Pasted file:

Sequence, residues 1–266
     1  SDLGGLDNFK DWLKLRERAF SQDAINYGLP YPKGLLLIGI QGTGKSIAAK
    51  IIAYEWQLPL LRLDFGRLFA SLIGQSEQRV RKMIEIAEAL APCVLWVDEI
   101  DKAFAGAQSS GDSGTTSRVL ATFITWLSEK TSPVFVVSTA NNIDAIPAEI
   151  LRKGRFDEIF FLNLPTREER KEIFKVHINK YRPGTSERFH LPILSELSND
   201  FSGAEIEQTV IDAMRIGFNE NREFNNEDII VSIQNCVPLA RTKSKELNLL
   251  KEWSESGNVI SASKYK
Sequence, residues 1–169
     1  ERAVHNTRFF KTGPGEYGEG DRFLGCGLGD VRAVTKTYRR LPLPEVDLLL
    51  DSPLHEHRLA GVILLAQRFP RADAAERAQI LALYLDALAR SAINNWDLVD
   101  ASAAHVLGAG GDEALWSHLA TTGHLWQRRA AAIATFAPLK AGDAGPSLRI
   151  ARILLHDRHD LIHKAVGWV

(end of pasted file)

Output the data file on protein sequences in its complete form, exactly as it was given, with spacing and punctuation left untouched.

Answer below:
Sequence, residues 1–266
     1  SDLGGLDNFK DWLKLRERAF SQDAINYGLP YPKGLLLIGI QGTGKSIAAK
    51  IIAYEWQLPL LRLDFGRLFA SLIGQSEQRV RKMIEIAEAL APCVLWVDEI
   101  DKAFAGAQSS GDSGTTSRVL ATFITWLSEK TSPVFVVSTA NNIDAIPAEI
   151  LRKGRFDEIF FLNLPTREER KEIFKVHINK YRPGTSERFH LPILSELSND
   201  FSGAEIEQTV IDAMRIGFNE NREFNNEDII VSIQNCVPLA RTKSKELNLL
   251  KEWSESGNVI SASKYK
Sequence, residues 1–169
     1  ERAVHNTRFF KTGPGEYGEG DRFLGCGLGD VRAVTKTYRR LPLPEVDLLL
    51  DSPLHEHRLA GVILLAQRFP RADAAERAQI LALYLDALAR SAINNWDLVD
   101  ASAAHVLGAG GDEALWSHLA TTGHLWQRRA AAIATFAPLK AGDAGPSLRI
   151  ARILLHDRHD LIHKAVGWV